Google said on its official blog that only Google will be able to create g.co short links and they’ll only redirect to Google sites, unlike goo.gl, which is its customer-facing shortening service.

This is excellent news for .CO, of course. It gets yet another super-high-profile anchor tenant that will spread .co links (and, hopefully for the company, awareness) around the web like a virus.

Amazon acquired a.co, z.co and k.co, Overstock is of course now known as O.co, Go Daddy got x.co and Twitter is using t.co as its official URL shortener.

By my reckoning, that leaves another 19 one-letter .co names to sell. The registry’s windfall could quite easily amount to a year’s revenue for just 26 registrations.

That’s not including the numbers, of course.

Speaking of numbers, .CO also announced today that Silicon Valley incubator 500 Startups is to use 500.co, instead of 500startups.com, as its official domain.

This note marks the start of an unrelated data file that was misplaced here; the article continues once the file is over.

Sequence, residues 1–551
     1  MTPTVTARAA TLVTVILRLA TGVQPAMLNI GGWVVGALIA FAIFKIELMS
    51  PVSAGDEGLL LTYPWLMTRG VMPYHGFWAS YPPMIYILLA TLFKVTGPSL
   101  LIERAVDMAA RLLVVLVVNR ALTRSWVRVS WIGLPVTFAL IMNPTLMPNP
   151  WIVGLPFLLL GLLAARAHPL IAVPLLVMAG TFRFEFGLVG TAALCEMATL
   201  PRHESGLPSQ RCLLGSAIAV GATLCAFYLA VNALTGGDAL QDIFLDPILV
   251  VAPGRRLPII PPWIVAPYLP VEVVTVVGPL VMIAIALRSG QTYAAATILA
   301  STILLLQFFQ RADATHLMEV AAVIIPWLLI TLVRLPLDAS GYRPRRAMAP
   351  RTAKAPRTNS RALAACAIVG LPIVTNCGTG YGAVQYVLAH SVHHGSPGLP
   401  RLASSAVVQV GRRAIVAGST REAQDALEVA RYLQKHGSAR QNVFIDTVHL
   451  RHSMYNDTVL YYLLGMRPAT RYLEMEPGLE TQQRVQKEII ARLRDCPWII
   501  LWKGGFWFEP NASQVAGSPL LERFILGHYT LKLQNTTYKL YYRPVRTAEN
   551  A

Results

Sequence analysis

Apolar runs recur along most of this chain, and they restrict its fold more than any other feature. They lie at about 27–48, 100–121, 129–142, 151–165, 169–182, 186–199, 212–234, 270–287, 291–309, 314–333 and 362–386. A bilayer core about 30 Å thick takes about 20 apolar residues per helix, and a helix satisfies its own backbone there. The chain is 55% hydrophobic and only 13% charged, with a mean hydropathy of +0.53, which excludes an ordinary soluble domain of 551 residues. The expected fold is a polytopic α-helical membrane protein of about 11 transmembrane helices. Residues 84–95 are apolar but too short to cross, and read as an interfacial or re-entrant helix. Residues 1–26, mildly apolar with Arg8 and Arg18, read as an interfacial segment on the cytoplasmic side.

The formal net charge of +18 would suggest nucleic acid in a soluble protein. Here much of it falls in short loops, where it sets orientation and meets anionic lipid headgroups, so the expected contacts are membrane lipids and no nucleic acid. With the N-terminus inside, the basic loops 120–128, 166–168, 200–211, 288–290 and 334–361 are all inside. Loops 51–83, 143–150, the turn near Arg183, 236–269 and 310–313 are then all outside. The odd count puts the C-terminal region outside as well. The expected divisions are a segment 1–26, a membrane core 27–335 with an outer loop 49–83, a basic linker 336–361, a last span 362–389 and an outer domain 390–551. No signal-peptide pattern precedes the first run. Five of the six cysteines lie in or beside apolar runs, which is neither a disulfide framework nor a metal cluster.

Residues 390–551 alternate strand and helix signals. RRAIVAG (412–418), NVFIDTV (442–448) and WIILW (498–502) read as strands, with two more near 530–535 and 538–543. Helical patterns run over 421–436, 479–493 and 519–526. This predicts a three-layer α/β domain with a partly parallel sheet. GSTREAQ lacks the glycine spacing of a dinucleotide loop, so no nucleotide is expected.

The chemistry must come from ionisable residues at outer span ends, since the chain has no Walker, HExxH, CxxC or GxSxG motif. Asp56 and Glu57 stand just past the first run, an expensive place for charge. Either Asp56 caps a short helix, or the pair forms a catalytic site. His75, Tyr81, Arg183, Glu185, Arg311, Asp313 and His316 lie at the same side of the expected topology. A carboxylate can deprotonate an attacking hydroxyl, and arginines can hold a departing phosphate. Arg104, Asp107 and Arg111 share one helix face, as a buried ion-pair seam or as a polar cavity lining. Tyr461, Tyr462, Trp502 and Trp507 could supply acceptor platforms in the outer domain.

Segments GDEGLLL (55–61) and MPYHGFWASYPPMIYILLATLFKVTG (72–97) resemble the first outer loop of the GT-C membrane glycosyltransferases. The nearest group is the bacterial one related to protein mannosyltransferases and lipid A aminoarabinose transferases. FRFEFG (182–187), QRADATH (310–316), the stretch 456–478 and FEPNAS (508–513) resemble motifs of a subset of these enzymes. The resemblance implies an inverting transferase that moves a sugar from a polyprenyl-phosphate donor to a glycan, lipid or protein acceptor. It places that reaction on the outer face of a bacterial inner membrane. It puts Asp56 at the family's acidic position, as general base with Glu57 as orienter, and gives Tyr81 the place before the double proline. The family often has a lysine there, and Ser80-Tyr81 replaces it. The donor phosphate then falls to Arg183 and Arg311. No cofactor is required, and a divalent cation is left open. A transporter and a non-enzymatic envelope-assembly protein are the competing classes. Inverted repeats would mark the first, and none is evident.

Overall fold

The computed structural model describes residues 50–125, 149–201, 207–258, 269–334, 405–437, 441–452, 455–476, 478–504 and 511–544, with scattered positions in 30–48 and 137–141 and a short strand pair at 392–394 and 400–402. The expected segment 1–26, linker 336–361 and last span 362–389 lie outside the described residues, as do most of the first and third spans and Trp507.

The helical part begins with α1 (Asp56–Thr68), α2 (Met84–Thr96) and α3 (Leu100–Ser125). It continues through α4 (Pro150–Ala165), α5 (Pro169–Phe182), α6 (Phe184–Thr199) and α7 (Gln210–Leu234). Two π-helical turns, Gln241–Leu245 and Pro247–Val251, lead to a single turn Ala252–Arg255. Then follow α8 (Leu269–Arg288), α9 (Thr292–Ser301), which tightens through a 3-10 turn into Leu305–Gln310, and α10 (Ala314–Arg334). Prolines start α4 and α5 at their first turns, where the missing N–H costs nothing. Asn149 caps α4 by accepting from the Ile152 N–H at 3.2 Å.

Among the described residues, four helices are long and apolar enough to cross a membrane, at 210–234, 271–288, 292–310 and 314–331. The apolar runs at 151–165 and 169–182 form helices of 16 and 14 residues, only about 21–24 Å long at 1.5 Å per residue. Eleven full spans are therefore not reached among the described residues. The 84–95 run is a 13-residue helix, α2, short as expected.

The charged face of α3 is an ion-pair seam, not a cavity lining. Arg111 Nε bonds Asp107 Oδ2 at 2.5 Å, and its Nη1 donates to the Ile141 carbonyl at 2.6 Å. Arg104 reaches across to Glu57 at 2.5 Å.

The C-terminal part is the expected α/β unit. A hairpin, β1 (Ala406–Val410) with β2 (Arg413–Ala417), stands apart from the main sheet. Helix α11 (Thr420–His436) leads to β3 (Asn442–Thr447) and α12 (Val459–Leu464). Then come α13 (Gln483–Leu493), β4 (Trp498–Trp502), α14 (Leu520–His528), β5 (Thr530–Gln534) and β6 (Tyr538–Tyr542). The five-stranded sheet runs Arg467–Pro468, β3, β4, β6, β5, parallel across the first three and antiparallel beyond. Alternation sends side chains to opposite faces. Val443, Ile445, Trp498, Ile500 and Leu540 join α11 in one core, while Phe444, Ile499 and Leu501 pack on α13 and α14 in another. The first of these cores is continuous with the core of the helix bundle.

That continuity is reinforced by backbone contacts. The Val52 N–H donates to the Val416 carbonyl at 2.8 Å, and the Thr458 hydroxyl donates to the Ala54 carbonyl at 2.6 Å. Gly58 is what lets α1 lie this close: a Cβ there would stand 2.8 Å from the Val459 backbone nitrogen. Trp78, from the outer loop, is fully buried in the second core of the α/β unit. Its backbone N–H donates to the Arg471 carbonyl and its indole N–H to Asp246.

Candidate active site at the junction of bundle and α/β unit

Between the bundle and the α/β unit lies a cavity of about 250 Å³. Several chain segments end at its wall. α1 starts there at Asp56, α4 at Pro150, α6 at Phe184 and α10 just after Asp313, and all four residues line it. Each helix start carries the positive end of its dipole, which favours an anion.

Entrepreneurs, not URL shorteners, are .CO’s target market, vital for its longevity, so it was a very smart PR move to combine these two customer wins into one announcement.

Go Daddy dominant in .co domains

Go Daddy is responsible for more than one third of all .co domain name registrations, according to new research from HosterStats.

HosterStats has managed to track down 616,227 .co domains, and found in its first .co report that 32.69% of them point to domaincontrol.com, Go Daddy’s primary name server doman.

Another two Go Daddy domains, secureserver.net and cashparking.com, handle 3.89% and 3.42% of known .co domains, the report says.